Tsangpa Gyare

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Tsangpa Gyare (1161–1211)

The great ascetic Drogon Tsangpa Gyare (1161–1211) was the main disciple of Lingchen Repa Pema Dorje and the founder of the Drukpa Lineage of Tibetan Buddhism the main or central branch of which was, until the 17th Century, transmitted by his hereditary family lineage at Ralung in the Tsang region of western Tibet. Later, following the birth of Gyalwang Je Kunga Paljor (1428–1476) considered to be the first of his re-incarnations, Tsangpa Gyare was held to be the first of a succession of Gyalwang Drukpa or Drukchen incarnations who, at the time of the fifth Gyalwang Drukpa Pagsam Wangpo (1593—1653), became established as the reincarnate leaders of the Drukpa lineage in Tibet.

Predictions regarding Tsangpa Gyare

Later hagiographies of Tsangpa Gyare record several verses which are said to foretell his coming. In a terma, discovered by Guru Chokyi Wangchuk (1212–1270), it is said Guru Padmasambhava foretold the coming of Tsangpa Gyare:

At the conjoining of three valleys
Which one calls Khule Sarel – the Fissure in the Earth –
An emanation of the Holder of the Jewel will manifest
From the summit of the large rock resembling a cube,
He will embark upon the teaching of the Dharma
[this quote needs a citation]

In another terma, said to have been revealed by Terton Ratna Lingpa (1403-1478/79) and Terton Padma Lingpa (1445–1521) on different occasions, Padmasambhava is recorded as predicting:

In Druk and in Ralung
Tsangpa Gyare will perform
The magic dance of emanation
Of Great Pandit Naropa.
[this quote needs a citation]

When the famous disciple of Milarepa, Rechungpa received the teaching of Naropa’s Six Points of Equal Taste from the Indian master Tipupa Sangag Dongpo, the master prophesised that Tsangpa Gyare would re-discover the text of the teachings.[citation needed]

Biographical details

Drogon Tsangpa Gyare was born into the Gya clan at a place near Kule in the Tsang province of Southern Tibet. His father was Gya Zurpo Tsabpey and his mother Marza Darkyi. According to legend and hagiography, the child was born with his birth membrane intact, causing his parents to abandon him through fear. Whilst a giant eagle protected the vulnerable child with his wings, the new born kicked through the membrane leaving a footmark on the nearby rock.[citation needed]

As a young man, Drogon Tsangpa Gyare was a practitioner who studied the Sutra canon of the time, including Logic, The Way of the Bodhisattva, Metaphysics, the Transcendent Perfection of Great Wisdom and the Middle Path.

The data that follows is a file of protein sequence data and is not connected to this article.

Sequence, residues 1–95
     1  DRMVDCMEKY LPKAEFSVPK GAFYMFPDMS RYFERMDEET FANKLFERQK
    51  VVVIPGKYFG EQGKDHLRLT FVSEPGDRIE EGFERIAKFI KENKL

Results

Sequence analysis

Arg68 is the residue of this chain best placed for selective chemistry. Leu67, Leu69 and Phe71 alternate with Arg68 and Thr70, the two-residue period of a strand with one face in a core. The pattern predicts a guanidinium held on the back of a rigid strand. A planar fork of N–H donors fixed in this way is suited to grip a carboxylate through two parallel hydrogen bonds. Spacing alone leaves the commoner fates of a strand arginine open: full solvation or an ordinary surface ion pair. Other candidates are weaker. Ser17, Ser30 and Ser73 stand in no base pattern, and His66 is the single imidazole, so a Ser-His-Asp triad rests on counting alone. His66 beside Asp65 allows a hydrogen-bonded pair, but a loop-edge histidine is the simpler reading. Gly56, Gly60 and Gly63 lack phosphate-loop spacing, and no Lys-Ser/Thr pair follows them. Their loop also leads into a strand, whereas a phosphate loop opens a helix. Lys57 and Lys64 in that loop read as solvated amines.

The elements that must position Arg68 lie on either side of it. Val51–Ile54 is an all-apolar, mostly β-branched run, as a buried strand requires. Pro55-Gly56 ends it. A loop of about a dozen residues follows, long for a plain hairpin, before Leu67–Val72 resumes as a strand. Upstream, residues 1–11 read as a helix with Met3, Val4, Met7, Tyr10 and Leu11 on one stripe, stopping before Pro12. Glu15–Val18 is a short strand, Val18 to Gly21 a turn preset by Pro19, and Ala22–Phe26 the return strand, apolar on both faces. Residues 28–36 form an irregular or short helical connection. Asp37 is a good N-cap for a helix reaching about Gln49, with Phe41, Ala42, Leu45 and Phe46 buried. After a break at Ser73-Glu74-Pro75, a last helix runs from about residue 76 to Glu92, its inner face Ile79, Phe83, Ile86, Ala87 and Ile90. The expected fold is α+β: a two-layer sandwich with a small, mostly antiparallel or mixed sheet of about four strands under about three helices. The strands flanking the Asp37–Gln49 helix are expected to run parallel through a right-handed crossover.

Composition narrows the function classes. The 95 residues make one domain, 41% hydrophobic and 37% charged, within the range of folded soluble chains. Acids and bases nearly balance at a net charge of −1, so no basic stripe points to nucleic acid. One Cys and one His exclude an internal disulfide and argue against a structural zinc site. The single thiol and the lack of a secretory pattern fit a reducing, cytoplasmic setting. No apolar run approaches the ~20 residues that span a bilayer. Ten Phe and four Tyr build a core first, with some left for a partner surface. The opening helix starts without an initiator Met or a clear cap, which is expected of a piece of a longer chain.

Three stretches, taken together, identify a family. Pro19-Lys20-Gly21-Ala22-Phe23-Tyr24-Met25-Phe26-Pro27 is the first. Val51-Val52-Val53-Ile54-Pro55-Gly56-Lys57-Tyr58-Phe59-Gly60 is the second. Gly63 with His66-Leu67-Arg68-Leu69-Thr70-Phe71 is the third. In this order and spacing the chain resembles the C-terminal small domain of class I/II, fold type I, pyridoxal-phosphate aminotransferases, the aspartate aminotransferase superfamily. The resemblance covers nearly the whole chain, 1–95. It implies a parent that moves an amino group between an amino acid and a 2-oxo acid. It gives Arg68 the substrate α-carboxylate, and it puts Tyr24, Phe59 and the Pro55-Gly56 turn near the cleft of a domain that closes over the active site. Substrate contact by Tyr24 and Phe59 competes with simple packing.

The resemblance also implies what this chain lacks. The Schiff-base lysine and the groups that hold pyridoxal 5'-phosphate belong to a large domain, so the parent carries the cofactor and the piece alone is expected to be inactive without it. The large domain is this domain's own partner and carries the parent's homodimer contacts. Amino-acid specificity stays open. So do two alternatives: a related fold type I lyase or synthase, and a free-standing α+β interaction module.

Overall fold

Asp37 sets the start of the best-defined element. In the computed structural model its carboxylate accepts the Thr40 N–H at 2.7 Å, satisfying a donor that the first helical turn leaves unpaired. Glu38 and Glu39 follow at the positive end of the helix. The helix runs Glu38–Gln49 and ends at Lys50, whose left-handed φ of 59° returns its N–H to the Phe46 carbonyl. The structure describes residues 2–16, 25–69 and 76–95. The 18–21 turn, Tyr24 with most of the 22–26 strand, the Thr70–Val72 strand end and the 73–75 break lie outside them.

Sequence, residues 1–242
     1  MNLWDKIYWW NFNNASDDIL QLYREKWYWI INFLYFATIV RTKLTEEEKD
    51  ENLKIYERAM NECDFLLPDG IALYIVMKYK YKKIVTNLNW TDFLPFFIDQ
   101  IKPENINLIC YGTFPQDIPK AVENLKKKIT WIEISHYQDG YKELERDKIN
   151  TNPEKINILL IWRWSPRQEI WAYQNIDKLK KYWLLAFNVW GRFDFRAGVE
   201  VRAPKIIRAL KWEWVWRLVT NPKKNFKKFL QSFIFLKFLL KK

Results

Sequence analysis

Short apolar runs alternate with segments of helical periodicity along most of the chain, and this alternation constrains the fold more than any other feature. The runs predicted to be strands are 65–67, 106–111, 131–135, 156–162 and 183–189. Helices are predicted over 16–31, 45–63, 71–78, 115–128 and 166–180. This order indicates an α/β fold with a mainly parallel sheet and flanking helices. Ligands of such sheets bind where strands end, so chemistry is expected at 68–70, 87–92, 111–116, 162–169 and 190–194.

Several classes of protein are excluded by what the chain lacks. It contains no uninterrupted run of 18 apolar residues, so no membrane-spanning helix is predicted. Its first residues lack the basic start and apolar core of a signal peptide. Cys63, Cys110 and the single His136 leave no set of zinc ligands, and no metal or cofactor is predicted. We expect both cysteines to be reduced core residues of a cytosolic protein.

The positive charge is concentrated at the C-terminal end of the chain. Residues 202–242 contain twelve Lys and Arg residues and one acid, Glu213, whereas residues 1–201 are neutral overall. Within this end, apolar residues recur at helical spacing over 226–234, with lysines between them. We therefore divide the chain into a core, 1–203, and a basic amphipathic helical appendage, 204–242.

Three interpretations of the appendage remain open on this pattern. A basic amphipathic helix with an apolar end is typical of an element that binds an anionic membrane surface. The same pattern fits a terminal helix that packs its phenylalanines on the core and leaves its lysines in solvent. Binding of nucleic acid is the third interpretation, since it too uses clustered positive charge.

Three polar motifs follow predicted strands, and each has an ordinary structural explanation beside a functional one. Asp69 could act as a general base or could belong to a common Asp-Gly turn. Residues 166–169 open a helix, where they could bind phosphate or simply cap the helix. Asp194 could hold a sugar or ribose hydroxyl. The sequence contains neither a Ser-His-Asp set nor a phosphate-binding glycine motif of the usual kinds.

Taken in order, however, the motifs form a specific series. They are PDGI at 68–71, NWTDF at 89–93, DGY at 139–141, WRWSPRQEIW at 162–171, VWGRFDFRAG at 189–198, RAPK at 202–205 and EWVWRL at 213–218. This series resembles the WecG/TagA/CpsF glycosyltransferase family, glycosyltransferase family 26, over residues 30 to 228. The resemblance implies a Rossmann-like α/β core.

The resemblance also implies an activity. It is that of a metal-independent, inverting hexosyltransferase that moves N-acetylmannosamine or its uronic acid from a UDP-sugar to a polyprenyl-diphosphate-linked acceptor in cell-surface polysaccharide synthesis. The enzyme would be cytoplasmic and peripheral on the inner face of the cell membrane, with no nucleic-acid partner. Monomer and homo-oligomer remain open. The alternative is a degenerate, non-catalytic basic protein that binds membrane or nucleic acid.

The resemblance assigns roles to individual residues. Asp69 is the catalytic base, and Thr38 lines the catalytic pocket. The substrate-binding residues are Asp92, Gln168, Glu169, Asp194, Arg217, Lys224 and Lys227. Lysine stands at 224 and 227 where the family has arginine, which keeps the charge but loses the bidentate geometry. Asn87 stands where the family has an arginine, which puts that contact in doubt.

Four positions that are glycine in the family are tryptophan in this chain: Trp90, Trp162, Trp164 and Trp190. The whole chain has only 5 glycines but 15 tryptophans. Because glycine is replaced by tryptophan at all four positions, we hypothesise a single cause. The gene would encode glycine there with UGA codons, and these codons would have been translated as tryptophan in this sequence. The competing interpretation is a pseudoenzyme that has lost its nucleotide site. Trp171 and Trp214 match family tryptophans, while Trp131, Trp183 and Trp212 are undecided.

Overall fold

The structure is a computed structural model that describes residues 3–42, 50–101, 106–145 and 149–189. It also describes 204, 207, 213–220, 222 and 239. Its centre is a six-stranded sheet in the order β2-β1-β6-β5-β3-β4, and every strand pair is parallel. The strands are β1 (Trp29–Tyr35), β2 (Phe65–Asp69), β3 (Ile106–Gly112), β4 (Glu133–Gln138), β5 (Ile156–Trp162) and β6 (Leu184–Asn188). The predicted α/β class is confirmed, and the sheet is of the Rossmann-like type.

He met his Guru Lingchen Repa when he was 23.

After establishing Longbol (kLong rBol) and Ralung monasteries Drogon Tsangpa Gyare went to a place called Nam Phu to build a monastery. It is said that when he and his disciples reached the place nine roaring dragons arose from the ground and soared in the sky. The Tibetan word for dragon is 'Brug which is pronounced as 'Druk'. The flying dragons were taken to be an auspicious omen and the monastery and the lineage which sprang from it came to be known as the Drukpa. This school eventually became very popular in Tibet and surrounding regions. Many followers of this school were simple people, content with few material possessions, known for their deep practice of the dharma. There is a Tibetan proverb which says:

"Half the people are Drukpa Kagyupas,
Half the Drukpa Kagyupas are beggars,
And half the beggars are Drubtobs (Siddhas)."


Gotsangpa Gonpo Dorje (1189—1258)
  • Önre Darma Senge (dar ma sengge) [1177—1237] - nephew of Tsangpa Gyare and first of the Middle Drukpa Kagyu lineage based at Ralung.
  • Zhonnu Senge (gzhon nu sengge) [1200—1266] - nephew of Tsangpa Gyare and successor of Önre Darma Senge.
  • Gotsangpa Gonpo Dorje (rgod tshang pa mgon po rdo rje) [1189—1258]
  • Lorepa Wangchug Tsondru (lo ras pa dbang phyug brtson 'grus) [1187—1250]
  • Gyaltsha Rinchen Gon (rgyal tsha rin chen mgon) [1118—1195] - Trophu Kagyu
  • Dremowa ('bras mo ba) - founder of myang stod 'bras mo dgon
  • Terkungpa


  • Dargye, Yonten (2001). History of the Drukpa Kagyud School in Bhutan (12th to 17th Century A.D.). Thimphu. ISBN 99936-616-0-0. 
  • Powers, John (1994). Introduction to Tibetan Buddhism. Snow Lion. ISBN 1-55939-026-3. 
  • Tulku Thondup Rinpoche (1988). Buddhist Civilization in Tibet. Arkana. ISBN 0-14-019083-X. 
  • Lama Nawang Tenzin (compiler) (July 2004). The Wand That Opens the Eyes and Dispels the Darkness of the Mind. Shey, Ladakh: Pel Drukpay Tcheutsok. 


External links

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